Skip to content

The OMACS-PIL study: a randomised controlled trial within the OMACS observational study

Research output: Contribution to journalArticle

Original languageEnglish
Article number772 (2019)
Number of pages6
JournalTrials
Volume20
Issue number1
DOIs
DateAccepted/In press - 4 Dec 2019
DatePublished (current) - 27 Dec 2019

Abstract

BACKGROUND: There has been little research to investigate whether the appearance of paper patient information leaflets (PILs) used to describe research studies to potential participants influences their decision to take part. Embedding a study within a trial (SWAT) is an efficient way of answering this type of methodological question. We included a randomised SWAT within a large cohort study, Outcome Monitoring after Cardiac Surgery (OMACS), to address this question.

METHODS: Potential participants for the OMACS study were randomised to receive one of three PILs, which were identical in content but with varying formatting and use of colour: PIL A (enhanced format), PIL B (hybrid format) and PIL C (standard format). Consent to OMACS was the primary outcome. Consent rates using the three different PIL formats were collected and compared. Qualitative feedback on the different formats was obtained from a public and patient involvement (PPI) group.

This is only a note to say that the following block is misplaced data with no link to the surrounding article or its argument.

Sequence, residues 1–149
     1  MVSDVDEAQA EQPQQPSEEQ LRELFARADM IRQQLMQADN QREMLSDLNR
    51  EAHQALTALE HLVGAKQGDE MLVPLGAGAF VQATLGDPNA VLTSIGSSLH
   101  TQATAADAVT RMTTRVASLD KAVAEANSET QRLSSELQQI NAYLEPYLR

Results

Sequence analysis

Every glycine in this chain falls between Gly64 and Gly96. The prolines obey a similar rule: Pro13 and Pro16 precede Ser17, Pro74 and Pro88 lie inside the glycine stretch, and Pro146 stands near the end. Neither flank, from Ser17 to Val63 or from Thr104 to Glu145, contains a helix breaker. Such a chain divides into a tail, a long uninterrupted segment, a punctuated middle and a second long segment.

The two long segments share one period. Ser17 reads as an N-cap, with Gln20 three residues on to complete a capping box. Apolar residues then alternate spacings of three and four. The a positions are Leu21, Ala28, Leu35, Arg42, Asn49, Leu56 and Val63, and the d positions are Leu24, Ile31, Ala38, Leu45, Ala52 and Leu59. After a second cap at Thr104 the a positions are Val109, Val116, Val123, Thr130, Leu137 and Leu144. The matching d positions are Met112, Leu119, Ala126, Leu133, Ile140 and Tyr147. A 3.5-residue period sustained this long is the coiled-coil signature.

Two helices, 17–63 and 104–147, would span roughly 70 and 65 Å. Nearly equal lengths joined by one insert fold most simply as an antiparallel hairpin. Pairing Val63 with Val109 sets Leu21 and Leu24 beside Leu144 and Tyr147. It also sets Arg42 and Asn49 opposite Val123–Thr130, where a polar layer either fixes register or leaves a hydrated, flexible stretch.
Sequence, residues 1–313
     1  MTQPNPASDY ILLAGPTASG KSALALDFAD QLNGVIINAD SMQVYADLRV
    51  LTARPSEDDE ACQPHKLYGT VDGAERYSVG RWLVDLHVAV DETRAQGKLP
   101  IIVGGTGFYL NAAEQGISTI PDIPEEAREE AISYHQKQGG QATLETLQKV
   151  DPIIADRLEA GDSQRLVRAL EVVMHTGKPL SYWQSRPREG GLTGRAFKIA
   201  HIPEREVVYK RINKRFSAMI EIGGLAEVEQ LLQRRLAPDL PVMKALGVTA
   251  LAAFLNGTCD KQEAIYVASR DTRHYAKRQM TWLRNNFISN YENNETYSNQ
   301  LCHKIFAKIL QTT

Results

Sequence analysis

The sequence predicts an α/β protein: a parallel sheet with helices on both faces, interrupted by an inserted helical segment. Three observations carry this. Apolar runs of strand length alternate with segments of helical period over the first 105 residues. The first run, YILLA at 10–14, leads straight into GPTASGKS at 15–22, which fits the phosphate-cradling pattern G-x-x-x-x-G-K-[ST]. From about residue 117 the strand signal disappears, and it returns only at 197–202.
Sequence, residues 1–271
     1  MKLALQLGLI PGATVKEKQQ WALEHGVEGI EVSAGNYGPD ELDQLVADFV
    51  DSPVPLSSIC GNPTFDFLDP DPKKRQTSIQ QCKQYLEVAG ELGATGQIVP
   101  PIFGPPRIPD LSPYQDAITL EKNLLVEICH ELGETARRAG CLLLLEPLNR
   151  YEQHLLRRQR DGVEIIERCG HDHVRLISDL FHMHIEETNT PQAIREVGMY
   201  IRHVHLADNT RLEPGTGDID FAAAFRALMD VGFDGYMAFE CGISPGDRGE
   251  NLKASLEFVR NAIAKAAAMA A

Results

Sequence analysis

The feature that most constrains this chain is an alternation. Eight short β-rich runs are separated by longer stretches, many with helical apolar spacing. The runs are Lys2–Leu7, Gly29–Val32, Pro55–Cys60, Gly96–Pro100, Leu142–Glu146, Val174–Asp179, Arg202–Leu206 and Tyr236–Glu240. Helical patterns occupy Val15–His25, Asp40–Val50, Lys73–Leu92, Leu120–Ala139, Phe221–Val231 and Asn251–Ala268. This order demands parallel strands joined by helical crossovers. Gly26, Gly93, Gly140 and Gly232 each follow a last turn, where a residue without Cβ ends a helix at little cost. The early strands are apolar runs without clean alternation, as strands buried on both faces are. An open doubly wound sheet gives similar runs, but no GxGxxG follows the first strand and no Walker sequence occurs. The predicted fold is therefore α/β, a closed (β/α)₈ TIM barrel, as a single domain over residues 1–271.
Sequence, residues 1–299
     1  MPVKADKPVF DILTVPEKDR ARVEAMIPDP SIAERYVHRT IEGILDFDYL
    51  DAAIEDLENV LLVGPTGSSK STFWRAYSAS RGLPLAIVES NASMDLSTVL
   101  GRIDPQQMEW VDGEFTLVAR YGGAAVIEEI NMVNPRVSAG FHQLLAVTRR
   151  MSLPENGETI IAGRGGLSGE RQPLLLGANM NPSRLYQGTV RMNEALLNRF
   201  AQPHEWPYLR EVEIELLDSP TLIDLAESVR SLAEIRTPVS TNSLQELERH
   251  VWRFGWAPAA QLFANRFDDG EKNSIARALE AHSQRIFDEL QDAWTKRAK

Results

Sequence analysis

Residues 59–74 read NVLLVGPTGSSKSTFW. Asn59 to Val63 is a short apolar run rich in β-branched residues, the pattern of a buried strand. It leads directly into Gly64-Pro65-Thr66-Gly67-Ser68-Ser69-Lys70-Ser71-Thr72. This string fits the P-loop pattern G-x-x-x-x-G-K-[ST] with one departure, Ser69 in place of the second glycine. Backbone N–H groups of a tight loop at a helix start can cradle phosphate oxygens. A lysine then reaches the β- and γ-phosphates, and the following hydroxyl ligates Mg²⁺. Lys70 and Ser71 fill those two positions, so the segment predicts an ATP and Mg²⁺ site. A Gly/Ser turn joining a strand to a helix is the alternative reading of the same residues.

RESULTS: For the SWAT, 1517 PILs were sent to potential participants, of whom 640 (42%) consented to take part in OMACS. PIL B had the highest recruitment rate, with 45% of patients consenting to participation; 40% and 41% of patients consented to participation after receiving PILs A and C, respectively. Compared to PIL C, the consent rate was 4% higher with PIL B (45% versus 41%, 95% confidence interval (CI) -2% to + 10%, p = 0.16) and 1% lower with PIL A (40% versus 41%, 95% CI - 7% to + 5%, p = 0.72).

CONCLUSIONS: Consent rates were similar for all three PIL formats. PIL B is being used for the remainder of the host study and will be used to inform the design of PILs for other research studies, as it was the preferred format of the PPI group.

TRIAL REGISTRATION: International Clinical Trials Registry, ISRCTN90204321. Registered on 21 January 2015.

    Research areas

  • Patient information leaflet, randomised, study within a study, recruitment, consent

Download statistics

No data available

Documents

Documents

  • Full-text PDF (final published version)

    Rights statement: This is the final published version of the article (version of record). It first appeared online via Springer Nature at https://trialsjournal.biomedcentral.com/articles/10.1186/s13063-019-3958-3. Please refer to any applicable terms of use of the publisher.

    Final published version, 895 KB, PDF document

    Licence: CC BY

DOI

View research connections

Related faculties, schools or groups